The Memorable Thoughts of Socrates

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  • Nina Skaletskayahar citeretfor 9 år siden
    say, then, that justice ‘is nothing but the observance of the laws.’” “You mean,” said Hippias, “that to observe the laws is to be just?” “Yes,” answered Socrates. “I cannot comprehend your thought,” said Hippias. “Do you not know,” pursued Socrates, “what the laws in a State are?” “The laws,” answered Hippias, “are what the citizens have ordained by an universal consent.” “Then,” inferred Socrates, “he who lives conformably to those ordinances observes the laws; and he who acts contrary to them is a transgressor of the laws.” “You say true.” “Is it not likewise true,” continued Socrates, “that he who obeys these ordinances does justly, and that he obeys them not does unjustly?” “Yes.” “But,” said Socrates, “he who acts justly is just, and he who acts unjustly is unjust?” “Without doubt.” “Therefore,” said Socrates, “whosoever observes the laws is just, and whosoever observes them not is unjust.” “But how can it be imagined,” objected Hippias, “that the laws are a good thing, and that it is good to obey them, since even they that made
  • Nina Skaletskayahar citeretfor 9 år siden
    But who will ever blame me because others have not confessed my innocence, nor done me justice? Past experience lets us see that they who suffer injustice, and they who commit it, leave not a like reputation behind them after their death. And thus, if I die on this occasion, I am most certain that posterity will more honour my memory than theirs who condemn me; for it will be said of me, that I never did any wrong, never gave any ill advice to any man; but that I laboured all my life long to excite to virtue those who frequented me.”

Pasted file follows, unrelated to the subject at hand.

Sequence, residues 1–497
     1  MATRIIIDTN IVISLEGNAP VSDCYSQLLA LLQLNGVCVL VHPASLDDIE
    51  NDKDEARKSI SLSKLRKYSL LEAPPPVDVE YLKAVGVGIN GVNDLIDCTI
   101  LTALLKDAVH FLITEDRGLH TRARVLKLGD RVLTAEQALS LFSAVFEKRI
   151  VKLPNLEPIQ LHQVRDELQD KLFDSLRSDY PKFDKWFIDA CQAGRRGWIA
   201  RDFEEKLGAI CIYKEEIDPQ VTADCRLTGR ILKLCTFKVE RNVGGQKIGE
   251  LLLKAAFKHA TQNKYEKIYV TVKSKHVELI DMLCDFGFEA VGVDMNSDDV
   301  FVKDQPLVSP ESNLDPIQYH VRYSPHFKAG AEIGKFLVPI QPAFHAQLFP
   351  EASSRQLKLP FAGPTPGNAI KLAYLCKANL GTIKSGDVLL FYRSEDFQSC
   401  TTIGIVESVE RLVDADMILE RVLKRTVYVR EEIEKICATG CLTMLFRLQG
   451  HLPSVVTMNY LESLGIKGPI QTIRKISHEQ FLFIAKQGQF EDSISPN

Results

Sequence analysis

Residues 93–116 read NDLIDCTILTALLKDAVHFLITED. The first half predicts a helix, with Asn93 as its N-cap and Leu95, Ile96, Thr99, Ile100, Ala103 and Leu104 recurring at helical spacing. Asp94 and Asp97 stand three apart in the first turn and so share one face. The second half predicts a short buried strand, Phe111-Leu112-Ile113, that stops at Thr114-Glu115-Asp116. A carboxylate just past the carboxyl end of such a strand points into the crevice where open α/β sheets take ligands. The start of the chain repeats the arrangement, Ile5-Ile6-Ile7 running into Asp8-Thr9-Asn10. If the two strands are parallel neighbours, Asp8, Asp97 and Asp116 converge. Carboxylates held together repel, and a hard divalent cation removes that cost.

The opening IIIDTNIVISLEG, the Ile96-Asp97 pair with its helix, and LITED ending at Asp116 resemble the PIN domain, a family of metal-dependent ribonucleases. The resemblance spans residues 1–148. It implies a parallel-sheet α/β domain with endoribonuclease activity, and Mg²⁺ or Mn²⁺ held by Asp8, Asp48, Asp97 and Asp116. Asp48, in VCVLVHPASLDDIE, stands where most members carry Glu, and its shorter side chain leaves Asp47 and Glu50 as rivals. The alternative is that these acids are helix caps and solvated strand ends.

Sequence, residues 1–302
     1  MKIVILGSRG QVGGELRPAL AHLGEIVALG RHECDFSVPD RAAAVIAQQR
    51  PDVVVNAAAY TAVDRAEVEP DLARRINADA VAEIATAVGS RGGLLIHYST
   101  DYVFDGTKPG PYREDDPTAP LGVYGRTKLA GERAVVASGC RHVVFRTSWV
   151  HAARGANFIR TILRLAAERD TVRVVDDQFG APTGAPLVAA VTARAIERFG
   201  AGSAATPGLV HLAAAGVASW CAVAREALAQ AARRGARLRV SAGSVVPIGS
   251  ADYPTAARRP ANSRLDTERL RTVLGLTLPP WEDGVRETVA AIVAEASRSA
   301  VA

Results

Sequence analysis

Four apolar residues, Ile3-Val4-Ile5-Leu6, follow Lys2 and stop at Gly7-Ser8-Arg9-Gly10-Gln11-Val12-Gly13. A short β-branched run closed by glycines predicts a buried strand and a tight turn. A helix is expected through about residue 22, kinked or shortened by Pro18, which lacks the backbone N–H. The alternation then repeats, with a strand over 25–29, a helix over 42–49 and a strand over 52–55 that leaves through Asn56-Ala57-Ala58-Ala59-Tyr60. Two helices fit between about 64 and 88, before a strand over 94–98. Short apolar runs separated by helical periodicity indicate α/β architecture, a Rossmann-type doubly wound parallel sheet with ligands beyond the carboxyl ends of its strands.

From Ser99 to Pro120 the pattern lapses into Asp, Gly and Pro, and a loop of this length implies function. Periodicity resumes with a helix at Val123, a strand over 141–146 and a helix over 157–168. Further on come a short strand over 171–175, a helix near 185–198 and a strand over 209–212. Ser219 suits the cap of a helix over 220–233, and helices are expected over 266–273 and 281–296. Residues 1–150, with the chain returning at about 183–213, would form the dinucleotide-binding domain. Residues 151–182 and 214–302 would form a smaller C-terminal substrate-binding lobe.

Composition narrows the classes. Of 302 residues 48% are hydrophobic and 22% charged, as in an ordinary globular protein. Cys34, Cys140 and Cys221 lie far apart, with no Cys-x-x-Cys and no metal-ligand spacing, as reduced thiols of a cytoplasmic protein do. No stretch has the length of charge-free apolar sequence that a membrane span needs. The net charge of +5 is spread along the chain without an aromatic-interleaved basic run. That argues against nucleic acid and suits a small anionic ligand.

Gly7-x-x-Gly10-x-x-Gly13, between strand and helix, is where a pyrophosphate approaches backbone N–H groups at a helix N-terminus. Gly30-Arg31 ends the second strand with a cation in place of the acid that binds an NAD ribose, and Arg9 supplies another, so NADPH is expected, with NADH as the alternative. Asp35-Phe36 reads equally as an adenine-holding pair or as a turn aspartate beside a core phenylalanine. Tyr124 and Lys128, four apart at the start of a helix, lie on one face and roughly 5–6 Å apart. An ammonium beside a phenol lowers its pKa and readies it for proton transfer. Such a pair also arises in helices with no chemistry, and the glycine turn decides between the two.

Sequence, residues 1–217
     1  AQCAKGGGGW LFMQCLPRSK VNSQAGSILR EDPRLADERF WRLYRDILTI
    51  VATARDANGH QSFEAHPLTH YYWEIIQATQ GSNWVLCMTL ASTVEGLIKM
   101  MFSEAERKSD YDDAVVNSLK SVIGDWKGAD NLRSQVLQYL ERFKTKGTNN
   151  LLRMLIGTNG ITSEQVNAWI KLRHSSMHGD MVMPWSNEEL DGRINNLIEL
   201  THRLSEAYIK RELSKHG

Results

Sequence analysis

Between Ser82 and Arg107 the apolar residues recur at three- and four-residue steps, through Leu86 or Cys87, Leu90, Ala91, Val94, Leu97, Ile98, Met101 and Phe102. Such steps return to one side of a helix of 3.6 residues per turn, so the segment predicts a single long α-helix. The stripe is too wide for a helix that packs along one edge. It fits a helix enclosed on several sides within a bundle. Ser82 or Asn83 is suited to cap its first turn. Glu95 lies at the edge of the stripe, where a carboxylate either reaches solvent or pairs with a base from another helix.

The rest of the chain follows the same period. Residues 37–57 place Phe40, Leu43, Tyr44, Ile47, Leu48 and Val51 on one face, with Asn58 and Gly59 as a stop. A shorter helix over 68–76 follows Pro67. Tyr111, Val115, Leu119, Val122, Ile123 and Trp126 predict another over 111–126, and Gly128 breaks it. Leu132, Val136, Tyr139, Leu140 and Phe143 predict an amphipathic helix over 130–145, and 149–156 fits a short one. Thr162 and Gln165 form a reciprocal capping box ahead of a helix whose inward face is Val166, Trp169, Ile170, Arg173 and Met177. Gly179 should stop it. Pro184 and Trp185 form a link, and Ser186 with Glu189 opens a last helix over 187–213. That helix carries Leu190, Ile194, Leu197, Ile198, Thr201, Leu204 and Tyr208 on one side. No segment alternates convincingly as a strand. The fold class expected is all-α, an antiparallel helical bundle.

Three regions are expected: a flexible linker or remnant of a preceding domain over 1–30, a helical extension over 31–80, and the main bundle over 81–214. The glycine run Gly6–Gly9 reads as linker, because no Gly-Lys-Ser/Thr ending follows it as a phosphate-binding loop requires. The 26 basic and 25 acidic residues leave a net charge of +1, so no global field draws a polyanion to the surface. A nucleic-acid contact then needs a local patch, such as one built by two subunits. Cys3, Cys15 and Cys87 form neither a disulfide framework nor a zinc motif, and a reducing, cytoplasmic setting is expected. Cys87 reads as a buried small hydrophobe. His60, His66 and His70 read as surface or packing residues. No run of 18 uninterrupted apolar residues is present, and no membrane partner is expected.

This was the answer that Socrates gave to Hermogenes, and to several others. In a word, all good men who knew Socrates daily regret his loss to this very hour, reflecting on the advantage and improvement they made in his company.
  • Nina Skaletskayahar citeretfor 9 år siden
    have the sincere testimony of my conscience that I have done my duty; and in this belief I strengthen myself by the conversation I have had with others, and by comparing myself with them. My friends, too, have believed the same thing of me, not because they wish me well, for in that sense every friend would think as much of his friend, but because they thought they advanced in virtue by my conversation.
    “If I were to live longer, perhaps I should fall into the inconveniences of old age: perhaps my sight should grow dim, my hearing fail me, my judgment become weak, and I should have more trouble to learn, more to retain what I had learnt; perhaps, too, after all, I should find myself incapable of doing the good I had done before. And if, to complete my misery, I should have no sense of my wretchedness, would not life be a burden to me? And, on the other hand, say I had a sense of it, would it not afflict me beyond measure? As things now stand, if I die innocent the shame will fall on those who are the cause of my death, since all sort of iniquity i

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